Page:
A Systematic Review of tools used to report long-term outcomes in Chronically Critically Ill patients
CCCF ePoster library. Biswas S. Oct 2, 2017; 198225
Sharmistha Biswas
Sharmistha Biswas
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Abstract
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A Systematic Review of non-mortality tools used to report long-term outcomes in Chronically Critically Ill patients.

Sharmistha Biswas, Marc Brosseau, Genevieve Gore, Jason Shahin



1)Biswas, Sharmistha

Department of Medicine, division of critical care, McGill University, Montreal, Canada



2) Brosseau, Marc

Department of Medcine, division of critical care, Mcgill University, Montreal, Canada



3) Gore, Genevieve

Mcgill University, Montreal, Canada



4) Shahin, Jason

Department of Medcine, division of critical care, Mcgill University, Montreal, Canada


Introduction:
Modern critical care medicine has improved survival among the critically ill population. Increasing number of critically ill patients survive the acute phase of illness and go on to a state of prolonged intensive care utilization and chronic critical illness. These patients experience high mortality and poor long-term outcomes.
Objective: To systematically review available literature for tools employed to report long-term outcomes in the chronically critically ill.
Methods: Literature search was performed using MEDLINE, EMBASE and Cochrane Central Register of Controlled Trials (CENTRAL). The search strategy was limited to French and English languages with no date limit to publication period. Literature review and data extraction was performed independently and crosschecked by 2 reviewers using a predefined data extraction form. Study inclusion criteria included randomized and observational study designs, conducted in participants with ≥16 years of age, admitted to an intensive care unit who received mechanical ventilation for ≥6 days with median mechanical ventilation of ≥ 14 days and or a tracheostomy for prolonged ventilation support. A snowballing process, which included relevant review articles, was carried out to identify any additional studies. We used the World Health Organization’s International Classification of Functioning, Disability and Health framework to categorize the tools.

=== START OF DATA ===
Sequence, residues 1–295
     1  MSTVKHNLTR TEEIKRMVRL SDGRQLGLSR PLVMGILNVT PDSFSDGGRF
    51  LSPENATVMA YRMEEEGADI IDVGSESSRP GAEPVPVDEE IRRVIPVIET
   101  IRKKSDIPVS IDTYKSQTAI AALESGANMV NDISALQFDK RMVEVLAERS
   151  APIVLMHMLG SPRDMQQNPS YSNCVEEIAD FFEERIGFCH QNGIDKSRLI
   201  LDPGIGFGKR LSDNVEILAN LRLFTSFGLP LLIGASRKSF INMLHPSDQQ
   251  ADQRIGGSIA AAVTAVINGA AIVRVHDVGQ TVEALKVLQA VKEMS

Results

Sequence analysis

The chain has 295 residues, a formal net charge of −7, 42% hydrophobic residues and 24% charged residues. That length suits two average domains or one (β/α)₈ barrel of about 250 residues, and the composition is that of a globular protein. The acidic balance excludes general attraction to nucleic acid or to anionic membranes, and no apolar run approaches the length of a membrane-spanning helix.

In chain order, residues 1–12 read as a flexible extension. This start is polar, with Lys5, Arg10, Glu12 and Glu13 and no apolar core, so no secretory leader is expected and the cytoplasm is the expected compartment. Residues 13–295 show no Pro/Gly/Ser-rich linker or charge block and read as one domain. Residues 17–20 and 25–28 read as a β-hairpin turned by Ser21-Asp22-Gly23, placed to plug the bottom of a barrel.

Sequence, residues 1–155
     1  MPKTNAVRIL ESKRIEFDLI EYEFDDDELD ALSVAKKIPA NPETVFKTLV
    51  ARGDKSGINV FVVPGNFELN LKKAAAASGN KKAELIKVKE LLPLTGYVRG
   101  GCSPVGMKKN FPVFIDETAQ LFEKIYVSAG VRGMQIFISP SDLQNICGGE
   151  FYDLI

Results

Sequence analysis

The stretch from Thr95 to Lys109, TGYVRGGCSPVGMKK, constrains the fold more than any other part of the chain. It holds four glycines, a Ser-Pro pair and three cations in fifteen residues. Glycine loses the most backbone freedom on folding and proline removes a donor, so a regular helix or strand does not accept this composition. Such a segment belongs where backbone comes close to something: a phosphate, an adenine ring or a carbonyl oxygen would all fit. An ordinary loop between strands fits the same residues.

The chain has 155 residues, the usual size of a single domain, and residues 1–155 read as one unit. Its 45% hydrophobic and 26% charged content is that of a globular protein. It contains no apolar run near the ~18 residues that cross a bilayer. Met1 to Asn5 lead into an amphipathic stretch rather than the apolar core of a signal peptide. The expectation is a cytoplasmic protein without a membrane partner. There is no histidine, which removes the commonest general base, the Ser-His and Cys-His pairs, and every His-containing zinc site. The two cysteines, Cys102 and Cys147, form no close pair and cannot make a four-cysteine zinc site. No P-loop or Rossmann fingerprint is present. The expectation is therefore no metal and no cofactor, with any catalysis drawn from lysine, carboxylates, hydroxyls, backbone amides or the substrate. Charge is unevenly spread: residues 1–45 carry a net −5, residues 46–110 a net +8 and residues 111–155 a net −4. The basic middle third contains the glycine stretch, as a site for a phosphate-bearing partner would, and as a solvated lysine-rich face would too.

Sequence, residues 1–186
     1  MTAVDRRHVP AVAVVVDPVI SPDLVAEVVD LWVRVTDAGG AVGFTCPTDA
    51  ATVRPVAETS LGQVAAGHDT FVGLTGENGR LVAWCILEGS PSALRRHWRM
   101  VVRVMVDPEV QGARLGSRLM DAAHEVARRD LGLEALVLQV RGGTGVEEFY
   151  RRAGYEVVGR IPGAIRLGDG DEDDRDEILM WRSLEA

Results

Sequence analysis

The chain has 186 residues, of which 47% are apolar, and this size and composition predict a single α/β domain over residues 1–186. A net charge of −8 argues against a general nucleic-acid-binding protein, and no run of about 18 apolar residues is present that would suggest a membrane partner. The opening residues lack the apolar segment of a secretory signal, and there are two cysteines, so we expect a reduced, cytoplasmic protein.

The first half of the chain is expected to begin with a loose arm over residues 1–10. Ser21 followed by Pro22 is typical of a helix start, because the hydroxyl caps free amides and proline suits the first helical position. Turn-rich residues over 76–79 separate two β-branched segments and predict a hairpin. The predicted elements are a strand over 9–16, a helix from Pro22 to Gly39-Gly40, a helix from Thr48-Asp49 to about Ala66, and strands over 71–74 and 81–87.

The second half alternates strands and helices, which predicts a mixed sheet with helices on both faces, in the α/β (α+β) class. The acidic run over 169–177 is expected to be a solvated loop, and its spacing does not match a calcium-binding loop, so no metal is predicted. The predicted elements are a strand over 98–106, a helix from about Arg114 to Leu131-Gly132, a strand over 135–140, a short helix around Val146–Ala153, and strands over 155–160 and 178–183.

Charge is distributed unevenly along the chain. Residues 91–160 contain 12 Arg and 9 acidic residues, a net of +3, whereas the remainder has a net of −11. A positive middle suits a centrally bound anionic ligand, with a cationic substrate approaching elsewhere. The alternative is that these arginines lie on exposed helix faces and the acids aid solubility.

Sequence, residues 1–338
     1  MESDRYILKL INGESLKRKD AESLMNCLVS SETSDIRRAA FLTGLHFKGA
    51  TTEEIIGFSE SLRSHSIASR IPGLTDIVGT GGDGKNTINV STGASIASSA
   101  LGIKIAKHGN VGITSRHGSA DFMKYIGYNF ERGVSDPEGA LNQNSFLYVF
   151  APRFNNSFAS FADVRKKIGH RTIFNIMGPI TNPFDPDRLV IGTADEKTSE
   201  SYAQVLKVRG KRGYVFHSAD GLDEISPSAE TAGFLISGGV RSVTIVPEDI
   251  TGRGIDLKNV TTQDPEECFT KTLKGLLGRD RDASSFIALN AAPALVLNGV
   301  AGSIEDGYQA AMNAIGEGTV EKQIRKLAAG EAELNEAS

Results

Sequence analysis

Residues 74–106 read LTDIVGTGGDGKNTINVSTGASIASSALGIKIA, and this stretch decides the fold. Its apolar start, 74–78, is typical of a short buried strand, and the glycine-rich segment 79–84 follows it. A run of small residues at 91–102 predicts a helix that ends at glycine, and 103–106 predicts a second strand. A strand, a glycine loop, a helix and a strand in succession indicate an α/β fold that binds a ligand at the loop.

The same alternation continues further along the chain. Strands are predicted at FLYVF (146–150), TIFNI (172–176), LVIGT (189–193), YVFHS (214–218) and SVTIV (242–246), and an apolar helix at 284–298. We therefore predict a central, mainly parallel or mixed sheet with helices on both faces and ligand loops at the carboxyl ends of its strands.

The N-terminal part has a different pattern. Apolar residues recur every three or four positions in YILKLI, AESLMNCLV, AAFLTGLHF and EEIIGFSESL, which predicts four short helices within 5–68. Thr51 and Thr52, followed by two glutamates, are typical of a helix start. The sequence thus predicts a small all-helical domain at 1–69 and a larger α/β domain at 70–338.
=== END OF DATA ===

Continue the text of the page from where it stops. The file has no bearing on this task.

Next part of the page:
Results: Of 4877 titles screened, 23 studies, published between 1999 and 2017 were included. More than three quarters of the studies (83%) were included based on duration of mechanical ventilation being ≥ 14 days and the other 17% based on the presence of a tracheostomy. Most studies (52%) were performed in North America and where mostly cohort (69%) and single center (74%) studies. Mean age of prolonged ventilated patients ranged from 39 years to 79 years with proportion of male patients ranging from 48% to 74.4%. Mean mechanical ventilation duration reported ranged from 14 days to 45 days and ICU stay ranged from 16 days to 49 days. Outcome assessment tools differed amongst the studies: Majority of the tools were dedicated towards assessment of Tissue Impairment (51%); followed by Quality of life (27%) and Activity limitation (19%). The Medical Outcomes Study-SF-36 questionnaire being the most frequently reported tool (n=7) followed by the 6-minute-walk-test (n=4). Discharge disposition was reported in 61% of the studies and only few studies reported socio-demographic factors: family status (n= 3); education (n=4); income or employment status (n=4); race/ ethnicity (n=4). Two studies reported on Perceived Social Support.
Conclusions: Various tools have been employed to assess long-term outcomes across studies. There is a paucity of studies looking at the phases of Activity Limitations and Participation Restrictions, which inform Quality of Life. A standardized approach and more research in these phases of disablement process would enable study analysis and comparisons to help targeting of long-term patient care towards developing an outcome-oriented care propositions in this emerging patient population. The World Health Organization’s International Classification of Functioning, Disability and Health could serve as a helpful framework.

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